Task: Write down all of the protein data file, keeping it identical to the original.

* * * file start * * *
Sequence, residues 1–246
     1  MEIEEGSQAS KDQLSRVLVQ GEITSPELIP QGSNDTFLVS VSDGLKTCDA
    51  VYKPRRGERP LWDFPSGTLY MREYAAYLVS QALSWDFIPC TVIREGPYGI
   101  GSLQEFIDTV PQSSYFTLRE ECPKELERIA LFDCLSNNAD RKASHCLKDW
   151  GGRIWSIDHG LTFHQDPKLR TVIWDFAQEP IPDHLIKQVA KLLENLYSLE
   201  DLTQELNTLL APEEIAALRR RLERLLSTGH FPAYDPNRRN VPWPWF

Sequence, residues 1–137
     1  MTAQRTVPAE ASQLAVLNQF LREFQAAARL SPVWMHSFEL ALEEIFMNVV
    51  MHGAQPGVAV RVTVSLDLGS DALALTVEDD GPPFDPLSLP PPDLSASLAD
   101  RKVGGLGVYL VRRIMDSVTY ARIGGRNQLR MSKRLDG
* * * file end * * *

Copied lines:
Sequence, residues 1–246
     1  MEIEEGSQAS KDQLSRVLVQ GEITSPELIP QGSNDTFLVS VSDGLKTCDA
    51  VYKPRRGERP LWDFPSGTLY MREYAAYLVS QALSWDFIPC TVIREGPYGI
   101  GSLQEFIDTV PQSSYFTLRE ECPKELERIA LFDCLSNNAD RKASHCLKDW
   151  GGRIWSIDHG LTFHQDPKLR TVIWDFAQEP IPDHLIKQVA KLLENLYSLE
   201  DLTQELNTLL APEEIAALRR RLERLLSTGH FPAYDPNRRN VPWPWF

Sequence, residues 1–137
     1  MTAQRTVPAE ASQLAVLNQF LREFQAAARL SPVWMHSFEL ALEEIFMNVV
    51  MHGAQPGVAV RVTVSLDLGS DALALTVEDD GPPFDPLSLP PPDLSASLAD
   101  RKVGGLGVYL VRRIMDSVTY ARIGGRNQLR MSKRLDG